Buckle up, we might be in for a long ride!
As many of you know, the Wage and Hour Division (WHD) of the U.S. Department of Labor (DOL) issues guidance primarily through Opinion Letters, Ruling Letters, Administrator Interpretations, and Field Assistance Bulletins. The WHD has explained:
An interpretation or ruling issued by the Administrator interpreting the Fair Labor Standards Act (FLSA), the Davis-Bacon Act (DBA), or the Walsh-Healey Public Contracts Act (PCA) is an official ruling or interpretation of the Wage and Hour Division for purposes of the Portal-to-Portal Act. 29 U.S.C. § 259. Such rulings provide a potential good faith reliance defense for actions that may otherwise constitute violations of the FLSA, DBA, or PCA. However, a withdrawn ruling or interpretation, or the withdrawn portion of a ruling or interpretation, may not be relied upon as an official ruling or interpretation of the Administrator or the Wage and Hour Division for any purpose, including under the Portal-to-Portal Act.
What does that mean for your business? Be wary of the term “withdrawn” interpretations and opinions and pay close attention to the DOL’s actions under the new Biden Administration.
To bring you up to speed, on President Biden’s first day in office, his chief of staff, Ronald Klain, asked all federal agencies, including the DOL, to freeze proposed regulations (including those with pending effective dates). Klain explained in a letter that President Biden’s appointees should “have the opportunity to review any new or pending rule[.]”
Since then, while a number of regulations remain frozen, the DOL has taken affirmative steps to withdraw (that scary word we mentioned above!) notable FLSA opinion letters, which may have provided some assurances to businesses in the specific industry areas. In particular, now withdrawn are:
- FLSA 2021-4: addressed whether a restaurant may institute a tip pool that includes both servers, for whom the employer takes a tip credit, along with hosts, for whom the tip credit is not taken
- FLSA 2021-8: addressed whether certain distributors of a manufacturer’s food products are employees or independent contractors
- FLSA 2021-9: addressed whether requiring tractor-trailer truck drivers to implement safety measures required by law constitutes control by the motor carrier for purposes of their classification as employees or independent contractors and whether certain owner-operators are accurately classified as independent contractors
And, if you thought that the DOL’s Jan. 6, 2021 Final Rule clarifying the standard for employee versus independent contract classification under the FLSA would bring some certainty to your life, think again! Most commentators anticipate that the “regulatory freeze” spells certain doom for the Final Rule, predicting that although it has merely been delayed, it will ultimately be scrapped in its entirety by anticipated Secretary of Labor Marty Walsh.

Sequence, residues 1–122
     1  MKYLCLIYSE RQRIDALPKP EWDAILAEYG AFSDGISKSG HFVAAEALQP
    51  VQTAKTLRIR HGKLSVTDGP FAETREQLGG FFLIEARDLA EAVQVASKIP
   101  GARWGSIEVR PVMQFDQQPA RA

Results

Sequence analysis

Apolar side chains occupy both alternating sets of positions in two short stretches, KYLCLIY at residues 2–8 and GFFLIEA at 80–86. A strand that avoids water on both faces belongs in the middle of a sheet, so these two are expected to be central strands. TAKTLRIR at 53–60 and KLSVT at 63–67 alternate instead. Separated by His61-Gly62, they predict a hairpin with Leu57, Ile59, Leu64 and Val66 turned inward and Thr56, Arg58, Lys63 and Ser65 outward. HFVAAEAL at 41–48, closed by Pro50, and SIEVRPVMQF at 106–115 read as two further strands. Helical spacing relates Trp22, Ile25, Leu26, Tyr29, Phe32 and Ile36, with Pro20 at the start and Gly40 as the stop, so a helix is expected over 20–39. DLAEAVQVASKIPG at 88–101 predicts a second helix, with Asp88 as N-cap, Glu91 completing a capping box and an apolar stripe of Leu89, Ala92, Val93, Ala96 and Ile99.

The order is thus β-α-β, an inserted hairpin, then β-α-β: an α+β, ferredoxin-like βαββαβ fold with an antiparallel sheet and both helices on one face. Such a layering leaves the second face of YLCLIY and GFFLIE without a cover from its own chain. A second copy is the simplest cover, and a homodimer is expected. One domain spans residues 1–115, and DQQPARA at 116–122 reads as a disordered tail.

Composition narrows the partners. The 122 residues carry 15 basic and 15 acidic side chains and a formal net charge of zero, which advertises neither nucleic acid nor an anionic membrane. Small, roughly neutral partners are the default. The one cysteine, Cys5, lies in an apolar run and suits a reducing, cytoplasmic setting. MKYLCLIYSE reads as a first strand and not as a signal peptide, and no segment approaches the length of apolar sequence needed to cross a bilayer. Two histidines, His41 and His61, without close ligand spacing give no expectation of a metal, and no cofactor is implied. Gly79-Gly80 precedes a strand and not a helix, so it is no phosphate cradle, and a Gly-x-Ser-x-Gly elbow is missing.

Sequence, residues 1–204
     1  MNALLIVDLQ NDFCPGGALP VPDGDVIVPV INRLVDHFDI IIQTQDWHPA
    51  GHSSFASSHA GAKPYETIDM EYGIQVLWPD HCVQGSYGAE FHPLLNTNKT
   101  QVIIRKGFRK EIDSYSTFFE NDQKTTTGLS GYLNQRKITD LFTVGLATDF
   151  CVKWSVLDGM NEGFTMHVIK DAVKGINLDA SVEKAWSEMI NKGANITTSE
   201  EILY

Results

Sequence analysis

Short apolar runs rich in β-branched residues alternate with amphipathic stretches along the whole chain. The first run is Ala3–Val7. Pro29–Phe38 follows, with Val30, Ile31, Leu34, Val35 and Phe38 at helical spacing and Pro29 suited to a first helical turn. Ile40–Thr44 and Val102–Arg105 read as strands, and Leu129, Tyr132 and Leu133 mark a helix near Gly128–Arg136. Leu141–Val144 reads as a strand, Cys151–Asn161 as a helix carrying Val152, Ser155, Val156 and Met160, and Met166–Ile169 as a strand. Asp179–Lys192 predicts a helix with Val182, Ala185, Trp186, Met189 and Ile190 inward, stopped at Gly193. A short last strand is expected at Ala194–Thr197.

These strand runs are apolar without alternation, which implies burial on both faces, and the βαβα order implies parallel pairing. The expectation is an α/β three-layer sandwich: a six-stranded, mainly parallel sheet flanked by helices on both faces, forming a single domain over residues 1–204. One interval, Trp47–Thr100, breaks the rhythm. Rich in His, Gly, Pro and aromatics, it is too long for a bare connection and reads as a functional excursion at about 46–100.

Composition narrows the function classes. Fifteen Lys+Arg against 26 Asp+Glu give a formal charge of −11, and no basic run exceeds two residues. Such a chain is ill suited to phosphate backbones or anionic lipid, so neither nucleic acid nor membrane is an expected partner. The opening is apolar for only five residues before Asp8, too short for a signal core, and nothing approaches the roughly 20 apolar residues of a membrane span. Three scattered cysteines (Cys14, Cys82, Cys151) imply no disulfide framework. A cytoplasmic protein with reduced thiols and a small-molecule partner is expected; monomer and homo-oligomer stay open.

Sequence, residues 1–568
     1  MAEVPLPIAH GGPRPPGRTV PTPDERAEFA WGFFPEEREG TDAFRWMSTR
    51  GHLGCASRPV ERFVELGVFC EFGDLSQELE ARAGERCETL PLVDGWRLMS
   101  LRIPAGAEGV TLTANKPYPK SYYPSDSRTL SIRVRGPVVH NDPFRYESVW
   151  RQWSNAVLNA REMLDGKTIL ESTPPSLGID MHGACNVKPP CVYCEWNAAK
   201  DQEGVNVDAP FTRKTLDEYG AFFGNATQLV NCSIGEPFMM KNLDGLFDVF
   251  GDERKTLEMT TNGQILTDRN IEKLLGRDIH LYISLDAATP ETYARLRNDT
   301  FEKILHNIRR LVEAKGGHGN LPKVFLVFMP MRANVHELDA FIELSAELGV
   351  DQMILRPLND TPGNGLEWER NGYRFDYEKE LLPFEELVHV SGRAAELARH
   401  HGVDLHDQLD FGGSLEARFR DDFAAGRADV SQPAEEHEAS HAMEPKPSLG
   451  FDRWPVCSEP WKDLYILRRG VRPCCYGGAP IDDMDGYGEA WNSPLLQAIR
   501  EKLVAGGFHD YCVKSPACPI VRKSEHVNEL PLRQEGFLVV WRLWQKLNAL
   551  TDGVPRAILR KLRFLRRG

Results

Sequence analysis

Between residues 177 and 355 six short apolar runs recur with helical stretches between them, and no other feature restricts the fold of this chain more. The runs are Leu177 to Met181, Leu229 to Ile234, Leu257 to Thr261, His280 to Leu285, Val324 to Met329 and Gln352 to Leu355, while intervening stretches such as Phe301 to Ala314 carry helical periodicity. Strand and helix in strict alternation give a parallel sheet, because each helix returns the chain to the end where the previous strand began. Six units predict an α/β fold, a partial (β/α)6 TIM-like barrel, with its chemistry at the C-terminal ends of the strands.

Where does that leave employers and, more importantly, their businesses? Although we certainly cannot see the future, we expect a few themes to prevail throughout the Biden administration:
- The DOL will aggressively pursue intentional misclassification of employees as independent contractors.
- Regulatory investigation and enforcement actions will increase.
- The Biden administration will push to establish a federal standard for whether a worker is properly classified, turning on an “ABC” test, meaning that the worker is considered an employee unless all three tests are met:
- the worker is free from the control and direction of the company in connection with the performance of the work, both under the contract for the performance of such work and in fact;
- the worker performs work that is outside of the “usual course” of the company’s business; and
- the worker is customarily engaged in an independently established trade, occupation, or business that is of the same nature as the type of work performed for the company.
For now, we urge all businesses to carefully review their independent contractor classifications and be wary of “joint employer” consequences. Trump-era guidance on these issues, in particular, will be closely scrutinized and may not provide a helpful defense to your decision-making process in 2021 and beyond.
The members of Plunkett Cooney’s Labor & Employment Law Practice Group are closely monitoring these, and other employment law developments, and will provide regular updates to assist you through these complicated and evolving times!
An associate in the firm's Bloomfield Hills office, Kaitlyn M. Cox is member of the Labor & Employment Law Practice Group.
Ms. Cox focuses her practice in the area of employment law, including discrimination, retaliation, and civil ...
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